The area fell under the domain of Benin in the 16th century. By 1600, it served as a frontier town, and Benin limited it local presence to soldiers led by four military commanders.

Benin and European Traders

This military presence as well as the exchange with European traders resulted in economic growth, as locals would travel along the coast and from further inland to Lagos Island for trade; at this point, clothes were the main item sold at and exported from the island as well as Benin as a whole. In the 17th century, the trade with the Portugese also began to increase, as Onim became a center of the Atlantic slave trade. The local obas (kings) developed good relations with the Portugese.

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By the early 19th century, it was a small kingdom and a tributary to the Oyo Empire. Like many West African states, Onim developed strong diplomatic as well as economic links to South America. It sent embassies to the Portugese colony of Brazil, and became one of the first countries to recognize the independence of Brazil in 1823. Meanwhile, the Oyo Empire had begun to collapse. This allowed Lagos to assume the leading economic position regionally, becoming the most important market in the Yoruba territories as well as growing substantially

Economic growth of Lagos

From the crowning of Ado as its first Oba, Lagos (then called Eko) had served as a major center for slave-trade, from which then Oba of Benin Ado and all of his successors for over two centuries supported – until 1841, when Oba Akitoye ascended to the throne of Lagos and attempted to ban slave-trading. Local merchants strongly opposed the intended move, and deposed and exiled the king, and installed Akitoye’s brother Kosoko as Oba.

Oba Ado (original Bini name was Edo) who reigned from 1630-1669 was the second Oba of Lagos. He was son of Ashipa, whom the Oba of Benin appointed as the first ruler of Eko.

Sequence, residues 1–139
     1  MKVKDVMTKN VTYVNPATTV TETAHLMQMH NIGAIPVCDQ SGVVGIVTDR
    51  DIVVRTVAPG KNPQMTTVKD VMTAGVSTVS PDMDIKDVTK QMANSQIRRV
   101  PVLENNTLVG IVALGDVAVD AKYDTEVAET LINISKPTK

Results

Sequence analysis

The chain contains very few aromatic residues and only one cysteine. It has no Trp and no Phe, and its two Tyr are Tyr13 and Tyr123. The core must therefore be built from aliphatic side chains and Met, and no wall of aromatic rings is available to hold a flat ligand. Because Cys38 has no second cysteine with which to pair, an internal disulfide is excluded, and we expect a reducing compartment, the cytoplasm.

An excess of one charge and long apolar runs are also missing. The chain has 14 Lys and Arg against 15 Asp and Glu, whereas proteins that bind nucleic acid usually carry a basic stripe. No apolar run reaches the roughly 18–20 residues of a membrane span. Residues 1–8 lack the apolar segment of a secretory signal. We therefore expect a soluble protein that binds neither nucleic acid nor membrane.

Slave trade in Lagos

Exiled to Europe, Akitoye met with British authorities, who had banned slave-trading in 1807, and who therefore decided to support the deposed Oba to regain his throne. In the “Reduction of Lagos”, the British militarily intervened in 1851, reinstalling Akitoye as Oba of Lagos. Lagos subsequently signed a treaty which ushered in the British consular period. In practical terms, however, British influence over the kingdom had become absolute.

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Bombardment of Lagos by British Naval Forces (Photo Credit -The Guardian)

Modern City Of Lagos

Lagos maintained its status as capital when Nigeria obtained its independence from Britain in 1960. Lagos was therefore the capital city of Nigeria from 1914 until 1991, when it was replaced as Federal Capital Territory by planned city of Abuja, built specifically for such purpose. Lagos experienced rapid growth throughout the 1960s and 1970s as a result of Nigeria’s economic boom prior to the Biafran War. This continued through the 1980s and 1990s up to the present date.

Modern Day Lagos

In 1991, Ibrahim Babangida, the Military President and other government functions moved to the newly built capital. This was as a result of intelligence reports on the safety of his life and what was later to be termed his hidden agenda, which was the plan to turn himself into a civilian president. He finished what was started by the Murtala/Obasanjo regime. The change resulted in Lagos losing some prestige and economic leverage. However, it has retained its importance as the country’s largest city and as an economic centre.